Death Penalty Withdrawn in N.Y. Abortion Doctor's Slaying


The Justice Department reluctantly agreed Thursday not to seek the death penalty against an abortion foe accused in the notorious sniper slaying of an upstate New York doctor, clearing the way for the onetime fugitive to be extradited from France on murder charges.

French authorities had refused to return James Charles Kopp, arrested in northwest France in March after more than two years at large, unless the United States guaranteed that he would not face execution. France outlawed capital punishment in 1981.

Atty. Gen. John Ashcroft said that after extensive discussions between French and U.S. officials, he saw little choice but to abandon the prospect of a death sentence.

"If the choice is between extraditing Kopp to face these serious charges in a United States court or risking his release by France, the priority must be Kopp's return," said Ashcroft, a strong supporter of the death penalty.

No Further Obstacles, Justice Department Says

A French court in Rennes held a hearing on the extradition question Thursday and said it expects a decision at another hearing in three weeks. Justice Department officials said they see no further obstacles to Kopp's extradition and expect the court to move for his return to the United States to face charges that could put him in prison for the rest of his life.

Kopp, an ardent opponent of abortion, is accused of shooting to death Barnett Slepian, a well-known obstetrician-gynecologist who provided abortions in the Buffalo area, as Slepian stood in his kitchen one evening in 1998. Kopp was allegedly hiding in Slepian's backyard with a sniper rifle as the doctor returned home with his family from Sabbath services at his synagogue.

An international manhunt ensued, and Kopp was put on the FBI's "Ten Most Wanted Fugitives" list in 1999.

After weeks of surveillance, authorities nabbed the 46-year-old suspect outside a post office in the French town of Dinan, where he had gone to pick up a package containing $300 mailed by a New York couple.

He is also considered a possible suspect in several similar attacks on abortion providers in Canada and western New York beginning in 1993.

For Ashcroft, the sensitive negotiations over Kopp's extradition marked the latest in a series of high-profile cases that have tested his resolve in enforcing the federal death penalty.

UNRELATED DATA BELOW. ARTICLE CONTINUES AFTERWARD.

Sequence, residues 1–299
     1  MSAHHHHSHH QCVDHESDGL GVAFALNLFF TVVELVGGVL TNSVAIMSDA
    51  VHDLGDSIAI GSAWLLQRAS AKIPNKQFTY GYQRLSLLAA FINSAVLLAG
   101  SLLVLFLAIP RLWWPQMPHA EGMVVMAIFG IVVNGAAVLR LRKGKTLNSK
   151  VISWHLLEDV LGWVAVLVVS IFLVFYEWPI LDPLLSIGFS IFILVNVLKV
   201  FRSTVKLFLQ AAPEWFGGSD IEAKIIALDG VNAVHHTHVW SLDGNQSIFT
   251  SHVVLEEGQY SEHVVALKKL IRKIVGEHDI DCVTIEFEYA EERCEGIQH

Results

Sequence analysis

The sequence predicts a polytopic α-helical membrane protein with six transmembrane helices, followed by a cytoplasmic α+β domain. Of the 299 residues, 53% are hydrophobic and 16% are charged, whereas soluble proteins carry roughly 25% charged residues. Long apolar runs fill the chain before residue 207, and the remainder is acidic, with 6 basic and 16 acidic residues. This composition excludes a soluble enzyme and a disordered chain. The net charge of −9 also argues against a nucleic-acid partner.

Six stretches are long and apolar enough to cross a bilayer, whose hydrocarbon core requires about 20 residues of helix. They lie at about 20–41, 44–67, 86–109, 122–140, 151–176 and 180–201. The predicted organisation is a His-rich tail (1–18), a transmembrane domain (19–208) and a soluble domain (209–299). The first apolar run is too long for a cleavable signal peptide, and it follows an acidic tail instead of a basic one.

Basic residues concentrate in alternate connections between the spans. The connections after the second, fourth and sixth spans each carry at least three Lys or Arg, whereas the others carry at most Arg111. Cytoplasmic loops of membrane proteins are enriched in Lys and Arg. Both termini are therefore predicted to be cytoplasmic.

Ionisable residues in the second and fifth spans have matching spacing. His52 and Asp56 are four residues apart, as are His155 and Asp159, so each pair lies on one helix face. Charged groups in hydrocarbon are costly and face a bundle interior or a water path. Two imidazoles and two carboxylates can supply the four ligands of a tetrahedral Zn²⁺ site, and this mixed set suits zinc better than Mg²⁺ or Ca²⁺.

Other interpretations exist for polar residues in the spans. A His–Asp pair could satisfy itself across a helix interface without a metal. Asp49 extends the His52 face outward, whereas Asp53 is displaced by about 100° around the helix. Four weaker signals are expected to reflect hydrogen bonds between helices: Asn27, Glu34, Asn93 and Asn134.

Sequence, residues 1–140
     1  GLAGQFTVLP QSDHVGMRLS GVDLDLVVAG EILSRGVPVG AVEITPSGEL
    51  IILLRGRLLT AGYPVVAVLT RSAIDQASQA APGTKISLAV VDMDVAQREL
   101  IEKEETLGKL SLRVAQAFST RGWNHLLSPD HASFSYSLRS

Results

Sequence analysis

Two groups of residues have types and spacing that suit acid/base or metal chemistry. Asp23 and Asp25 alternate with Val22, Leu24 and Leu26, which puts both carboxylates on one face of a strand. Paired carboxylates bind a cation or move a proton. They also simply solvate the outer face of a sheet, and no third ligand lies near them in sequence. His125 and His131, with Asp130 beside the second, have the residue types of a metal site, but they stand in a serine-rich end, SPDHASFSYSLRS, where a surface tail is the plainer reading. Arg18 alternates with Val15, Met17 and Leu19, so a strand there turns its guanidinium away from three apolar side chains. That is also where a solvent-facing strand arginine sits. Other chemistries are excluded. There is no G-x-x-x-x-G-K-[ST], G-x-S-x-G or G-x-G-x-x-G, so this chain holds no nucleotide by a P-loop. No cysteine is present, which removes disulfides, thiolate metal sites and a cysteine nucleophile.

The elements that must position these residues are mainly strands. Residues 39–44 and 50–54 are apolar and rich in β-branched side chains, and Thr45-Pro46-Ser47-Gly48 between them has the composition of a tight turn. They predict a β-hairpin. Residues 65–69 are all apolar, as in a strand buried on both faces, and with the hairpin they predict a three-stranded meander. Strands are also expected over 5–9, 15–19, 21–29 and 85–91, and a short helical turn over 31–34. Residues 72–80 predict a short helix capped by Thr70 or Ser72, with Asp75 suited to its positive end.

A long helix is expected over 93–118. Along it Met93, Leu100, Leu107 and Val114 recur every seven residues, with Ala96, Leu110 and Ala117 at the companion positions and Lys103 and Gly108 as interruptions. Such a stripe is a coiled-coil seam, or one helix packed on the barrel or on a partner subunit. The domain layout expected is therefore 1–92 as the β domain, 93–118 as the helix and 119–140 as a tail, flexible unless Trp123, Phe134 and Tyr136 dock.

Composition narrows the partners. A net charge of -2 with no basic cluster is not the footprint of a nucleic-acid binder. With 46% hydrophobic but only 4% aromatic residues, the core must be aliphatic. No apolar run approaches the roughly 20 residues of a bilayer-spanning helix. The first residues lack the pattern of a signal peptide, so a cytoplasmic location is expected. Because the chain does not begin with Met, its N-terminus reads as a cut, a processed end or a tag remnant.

Last month, after the discovery of thousands of pages of undisclosed documents in the Oklahoma City bombing investigation, the attorney general decided to postpone the execution of Timothy J. McVeigh, which is now scheduled for Monday.

And earlier this week, Ashcroft declared there was no evidence of racial bias in the federal death penalty system, and he rejected calls for a moratorium from advocates for minorities on death row.

Ashcroft, a lifelong opponent of abortion, has faced repeated questions from women's rights groups about his commitment to ensuring abortion rights. But in seeking the death penalty for Kopp, he said he wanted to send a strong message that "violence is not the solution" and that he will aggressively enforce federal law designed to protect abortion clinics.

Ashcroft said that he had been working "to ensure the United States' ability to pursue strong punishment for this terrible crime. I wanted to make sure that our nation would not be constrained by limits placed on Kopp's extradition by France, preventing us from seeking punishment outlined by our laws and our Constitution, such as the death penalty."

But the attorney general said that "unfortunately, in order to ensure that Kopp is not released from custody and is brought to justice in America, we have had to agree not to seek the death penalty."

Defense Fears U.S. Won't Keep Its Word

The State Department sent French officials a diplomatic note spelling out that pledge, but at Thursday's hearing in France for Kopp, his defense attorneys questioned whether the United States would keep its word.

"These latest assurances from the American authorities, in the form of a simple letter from the U.S. Embassy in Paris, have no value in terms of administrative law," said Kopp's lawyer, Herve Rouzaud-Leboeuf.

Slepian left behind a wife and four sons, now ages 10 to 18. After Kopp's arrest in March, widow Lynne Slepian told the Buffalo News: "I'd like to see him dead. I'd like to see a slow, painful death. Lethal injection is too good for him."

But faced with France's resistance to the death penalty, she added that she would rather see Kopp spend the rest of his life in prison if that were the only way to ensure his return.

Kopp faces both federal and state charges in New York in connection with Slepian's murder, the use of a firearm and violation of the federal Freedom of Access to Clinic Entrances Act. The federal charges could have subjected Kopp to a possible death sentence if convicted.

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